Pizza dough is a yeasted dough which requires active dry yeast. Make sure the check the expiration date on the yeast package. You can use all purpose flour instead of the bread flour that is called for in the recipe, but bread flour is higher in gluten than all-purpose flour and will make a crispier crust for your pizza. I normaly follow the true basics for the dough: just water, yeast, flour, and salt. Using water-to-flour ratios, with adding some olive oil, with the type of flour all of which turned out to be delicious experiments, I assure you that when it comes to just your basic, dependable, everyday dough, this is it. My recipe here makes about 500 grams of dough and this will make one large pizza or two smaller ones. What is required:1 teaspoon active-dry yeast, 1 cup lukewarm water (not hot), 3 cups all-purpose flour, plus more if needed, 1 1/2 teaspoons salt. Once the dough is made I let it rise for an hour or so, then let it chill in the fridge for a day or two. The slow, cool rising time helps to develop the flavors in the dough and gives the crust a better texture. Dissolve the yeast in the water: Pour the water into the bowl of a stand mixer or a medium-sized mixing bowl. Sprinkle the yeast over the water, and let stand until the yeast has dissolved. Stir in the flour and salt to form a shaggy dough: Add all of the flour and salt to the bowl with the water and yeast. Stir with a stiff spatula until you’ve formed a floury, shaggy dough. Knead the dough for about 5 minutes: kneading by hand against the counter, knead the dough until it forms a smooth, slightly tacky ball that springs back when you poke it, 5 to 8 minutes. If the dough sticks to the bowl or your hands like bubblegum, add a tablespoon of flour at a time until it’s easier to work with; avoid adding too much flour if possible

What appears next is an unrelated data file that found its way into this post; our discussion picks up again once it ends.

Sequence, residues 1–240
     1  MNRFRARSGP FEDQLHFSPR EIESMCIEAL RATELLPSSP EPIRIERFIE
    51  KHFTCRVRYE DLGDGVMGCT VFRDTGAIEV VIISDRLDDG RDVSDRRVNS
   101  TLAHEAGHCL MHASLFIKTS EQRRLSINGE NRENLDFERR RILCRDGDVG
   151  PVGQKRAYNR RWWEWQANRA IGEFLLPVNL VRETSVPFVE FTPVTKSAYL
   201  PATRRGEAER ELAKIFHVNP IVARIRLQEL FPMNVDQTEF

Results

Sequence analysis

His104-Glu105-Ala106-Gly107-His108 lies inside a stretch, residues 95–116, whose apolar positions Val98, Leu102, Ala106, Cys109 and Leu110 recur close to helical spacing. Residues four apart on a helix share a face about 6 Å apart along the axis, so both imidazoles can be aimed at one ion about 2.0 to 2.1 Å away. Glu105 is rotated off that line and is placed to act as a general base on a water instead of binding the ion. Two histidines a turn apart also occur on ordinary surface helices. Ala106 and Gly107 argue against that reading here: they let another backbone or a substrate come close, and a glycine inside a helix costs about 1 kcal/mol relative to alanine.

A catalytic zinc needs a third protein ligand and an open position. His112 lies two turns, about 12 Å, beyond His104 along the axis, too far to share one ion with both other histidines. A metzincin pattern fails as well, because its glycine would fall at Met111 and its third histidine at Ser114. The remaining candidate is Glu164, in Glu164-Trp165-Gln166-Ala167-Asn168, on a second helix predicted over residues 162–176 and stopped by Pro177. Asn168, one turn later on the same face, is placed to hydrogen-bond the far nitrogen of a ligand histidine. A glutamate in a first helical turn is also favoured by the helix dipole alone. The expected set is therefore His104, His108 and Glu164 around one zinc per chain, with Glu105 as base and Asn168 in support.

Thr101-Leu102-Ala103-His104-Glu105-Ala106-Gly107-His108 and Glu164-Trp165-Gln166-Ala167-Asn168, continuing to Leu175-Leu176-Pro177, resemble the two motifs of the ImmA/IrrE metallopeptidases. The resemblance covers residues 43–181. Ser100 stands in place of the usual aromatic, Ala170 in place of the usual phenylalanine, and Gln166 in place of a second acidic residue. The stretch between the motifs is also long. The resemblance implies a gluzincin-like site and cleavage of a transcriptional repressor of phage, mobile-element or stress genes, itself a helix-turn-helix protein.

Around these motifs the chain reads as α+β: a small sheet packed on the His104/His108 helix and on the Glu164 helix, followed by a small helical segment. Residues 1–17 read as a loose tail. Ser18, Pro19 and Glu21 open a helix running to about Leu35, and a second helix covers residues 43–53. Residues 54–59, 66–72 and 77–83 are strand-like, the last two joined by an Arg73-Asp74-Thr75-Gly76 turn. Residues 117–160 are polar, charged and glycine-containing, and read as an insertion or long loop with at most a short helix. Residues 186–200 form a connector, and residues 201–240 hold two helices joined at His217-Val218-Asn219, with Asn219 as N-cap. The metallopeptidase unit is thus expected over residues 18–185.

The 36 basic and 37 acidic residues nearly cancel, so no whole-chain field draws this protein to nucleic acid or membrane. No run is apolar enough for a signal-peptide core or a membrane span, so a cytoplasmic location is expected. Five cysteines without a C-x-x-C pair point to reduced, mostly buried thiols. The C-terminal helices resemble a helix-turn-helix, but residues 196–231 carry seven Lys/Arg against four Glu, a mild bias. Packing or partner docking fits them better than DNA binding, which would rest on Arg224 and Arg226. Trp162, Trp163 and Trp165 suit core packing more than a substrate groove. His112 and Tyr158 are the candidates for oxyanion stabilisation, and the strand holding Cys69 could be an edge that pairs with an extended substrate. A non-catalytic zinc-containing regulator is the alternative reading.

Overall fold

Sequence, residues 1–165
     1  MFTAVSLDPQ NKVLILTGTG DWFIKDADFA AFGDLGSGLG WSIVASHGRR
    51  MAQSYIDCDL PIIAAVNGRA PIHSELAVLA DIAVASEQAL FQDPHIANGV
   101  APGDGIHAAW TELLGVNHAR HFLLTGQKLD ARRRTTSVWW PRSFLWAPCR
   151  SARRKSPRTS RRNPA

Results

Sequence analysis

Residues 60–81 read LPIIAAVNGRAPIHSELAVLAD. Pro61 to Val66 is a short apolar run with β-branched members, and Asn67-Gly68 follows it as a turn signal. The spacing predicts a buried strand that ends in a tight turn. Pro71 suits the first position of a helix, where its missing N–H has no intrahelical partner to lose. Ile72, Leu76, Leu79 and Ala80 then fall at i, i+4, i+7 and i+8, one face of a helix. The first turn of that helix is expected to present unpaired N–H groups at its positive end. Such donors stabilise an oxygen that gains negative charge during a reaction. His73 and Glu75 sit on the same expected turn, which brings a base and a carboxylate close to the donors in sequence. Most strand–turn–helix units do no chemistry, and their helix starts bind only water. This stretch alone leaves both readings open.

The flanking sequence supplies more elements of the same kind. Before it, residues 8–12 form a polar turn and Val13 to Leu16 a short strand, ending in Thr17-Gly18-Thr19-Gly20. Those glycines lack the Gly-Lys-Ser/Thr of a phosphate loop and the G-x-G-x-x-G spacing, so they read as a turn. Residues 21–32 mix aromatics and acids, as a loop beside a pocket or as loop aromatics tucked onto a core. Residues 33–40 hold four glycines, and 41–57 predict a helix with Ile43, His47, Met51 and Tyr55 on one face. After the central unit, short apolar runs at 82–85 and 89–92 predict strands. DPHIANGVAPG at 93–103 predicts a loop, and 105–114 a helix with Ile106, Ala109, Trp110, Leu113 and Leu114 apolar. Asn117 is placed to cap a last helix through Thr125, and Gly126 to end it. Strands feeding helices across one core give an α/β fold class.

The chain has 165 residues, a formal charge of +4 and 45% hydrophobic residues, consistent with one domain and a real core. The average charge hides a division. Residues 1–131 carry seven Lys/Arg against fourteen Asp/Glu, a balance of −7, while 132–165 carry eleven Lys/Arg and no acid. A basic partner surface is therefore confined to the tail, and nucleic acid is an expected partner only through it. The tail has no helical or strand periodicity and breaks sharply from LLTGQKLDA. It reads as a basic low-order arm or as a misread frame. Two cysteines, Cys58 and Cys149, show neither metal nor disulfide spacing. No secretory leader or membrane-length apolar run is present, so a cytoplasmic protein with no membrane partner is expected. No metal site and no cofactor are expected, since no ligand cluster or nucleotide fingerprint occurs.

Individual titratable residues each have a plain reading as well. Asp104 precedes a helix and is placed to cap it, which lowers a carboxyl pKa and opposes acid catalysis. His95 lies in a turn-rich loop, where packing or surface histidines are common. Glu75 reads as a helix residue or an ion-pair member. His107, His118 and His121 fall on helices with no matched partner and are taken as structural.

When the time comes to actually bake the pizza, I always use a hot oven at least 240º C, Bake the pizza for 5 to 10 minutes: Slide the pizza into the oven on top of the baking stone or upside-down sheet pan. Bake until the cheese is melted, the crust golden, and you see a some charred bits on the top and edges. Baking time will vary depending on the heat of the oven and how thick or thin you rolled your pizza. I also keep the toppings basic. Having the oven hot, will cook the pizza quickly, giving it a beautiful golden crust that's super crispy on the outside but still chewy in the middle. The more toppings you add, the more it slows the cooking down, making the pizza limp and soggy, so try to limit the pizza enthusiasm to just a few scattered toppings and some good cheese. As you can see its not easy when David is one of the chefs, but we managed well.